I would consider this in the compiler category as it translates code to HTML/ Latex.
The classical confinement is needed to call optional binaries installed on the host for e.g.:
- bibtex handling (needs perl, bibtex, texlive-base)
- python handling (needs file filter)
while one could pack everything in the snap and use strict confinement, it would blow up the snap size far beyond the current 4.7 MB - penalizing those who do not need the optional functionality.
While doxygen does indeed perform the translation and could be considered a compiler, it isn’t clear that its needs are the same as a compiler. For example, compilers often need access to headers in /usr/include from the host that are not available in the snap’s runtime environment (since /usr/include comes from the base snap, not the host).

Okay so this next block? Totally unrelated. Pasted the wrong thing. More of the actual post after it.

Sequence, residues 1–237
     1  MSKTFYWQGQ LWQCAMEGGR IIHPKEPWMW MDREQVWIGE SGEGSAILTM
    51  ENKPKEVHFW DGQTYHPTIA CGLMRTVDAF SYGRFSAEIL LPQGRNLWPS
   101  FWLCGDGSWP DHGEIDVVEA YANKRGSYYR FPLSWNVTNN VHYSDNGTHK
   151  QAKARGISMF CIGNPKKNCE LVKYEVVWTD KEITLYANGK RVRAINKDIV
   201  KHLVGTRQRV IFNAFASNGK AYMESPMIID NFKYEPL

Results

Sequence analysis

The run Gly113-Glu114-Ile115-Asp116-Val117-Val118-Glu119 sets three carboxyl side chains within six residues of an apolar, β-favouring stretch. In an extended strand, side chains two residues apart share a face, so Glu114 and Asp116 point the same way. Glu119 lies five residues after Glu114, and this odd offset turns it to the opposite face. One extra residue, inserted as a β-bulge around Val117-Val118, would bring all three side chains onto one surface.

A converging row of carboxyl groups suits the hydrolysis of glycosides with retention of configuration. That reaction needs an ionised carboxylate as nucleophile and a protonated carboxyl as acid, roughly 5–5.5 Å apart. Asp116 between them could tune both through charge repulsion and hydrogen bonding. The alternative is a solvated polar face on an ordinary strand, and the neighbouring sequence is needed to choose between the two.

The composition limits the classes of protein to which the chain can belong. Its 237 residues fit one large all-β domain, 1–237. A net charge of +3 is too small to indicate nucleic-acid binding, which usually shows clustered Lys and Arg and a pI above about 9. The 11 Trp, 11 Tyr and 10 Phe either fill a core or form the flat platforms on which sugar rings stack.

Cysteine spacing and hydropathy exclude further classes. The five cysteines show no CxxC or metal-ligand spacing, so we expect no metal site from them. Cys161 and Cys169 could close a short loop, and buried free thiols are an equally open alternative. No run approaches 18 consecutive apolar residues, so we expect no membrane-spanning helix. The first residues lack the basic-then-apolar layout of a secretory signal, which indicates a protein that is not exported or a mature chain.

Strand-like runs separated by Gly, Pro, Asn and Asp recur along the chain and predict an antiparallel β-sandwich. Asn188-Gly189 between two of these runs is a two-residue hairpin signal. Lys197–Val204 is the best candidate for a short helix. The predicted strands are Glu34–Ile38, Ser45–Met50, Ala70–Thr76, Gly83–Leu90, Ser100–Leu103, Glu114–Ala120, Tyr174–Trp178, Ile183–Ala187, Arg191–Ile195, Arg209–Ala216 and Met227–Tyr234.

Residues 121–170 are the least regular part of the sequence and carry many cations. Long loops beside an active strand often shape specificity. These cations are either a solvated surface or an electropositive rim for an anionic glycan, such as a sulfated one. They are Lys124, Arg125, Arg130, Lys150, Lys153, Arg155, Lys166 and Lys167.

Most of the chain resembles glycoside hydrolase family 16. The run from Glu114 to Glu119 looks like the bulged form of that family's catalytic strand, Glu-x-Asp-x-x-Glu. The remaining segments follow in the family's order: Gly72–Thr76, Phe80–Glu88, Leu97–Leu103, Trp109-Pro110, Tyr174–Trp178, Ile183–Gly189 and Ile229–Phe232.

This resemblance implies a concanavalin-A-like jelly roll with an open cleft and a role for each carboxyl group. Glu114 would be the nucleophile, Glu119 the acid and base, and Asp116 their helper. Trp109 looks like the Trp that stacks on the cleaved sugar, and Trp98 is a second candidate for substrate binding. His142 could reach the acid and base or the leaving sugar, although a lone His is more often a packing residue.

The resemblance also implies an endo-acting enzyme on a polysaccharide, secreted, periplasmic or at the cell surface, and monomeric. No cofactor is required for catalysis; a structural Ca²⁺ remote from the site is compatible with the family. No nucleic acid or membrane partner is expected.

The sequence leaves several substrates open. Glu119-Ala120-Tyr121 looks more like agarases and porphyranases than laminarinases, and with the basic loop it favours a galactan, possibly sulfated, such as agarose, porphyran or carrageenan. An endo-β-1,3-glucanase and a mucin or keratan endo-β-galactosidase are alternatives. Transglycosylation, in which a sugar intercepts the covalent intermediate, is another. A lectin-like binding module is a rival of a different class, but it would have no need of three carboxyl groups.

In the case of doxygen, it seems that it would not only be possible, but desirable for it to ship its own bibtex, texlive-base, python modules, graphviz, plantuml and anything else it needs to function. In addition to not requiring classic, this will make your snap much more robust and verifiable since you don’t have to worry about existence/versions of the tools doxygen needs.
You seem to have considered this since you later state in your rationale for classic that you want classic to avoid a larger snap size. This is not a supported use case for classic in part because the philosophy of snaps is to have them ship everything they need so that they may run everywhere. Due note that while the snap size will be larger, snaps are compressed and therefore will have a smaller on disk footprint. While the initial download size will be the full (compressed) snap, subsequent downloads are delivered as smaller snap deltas.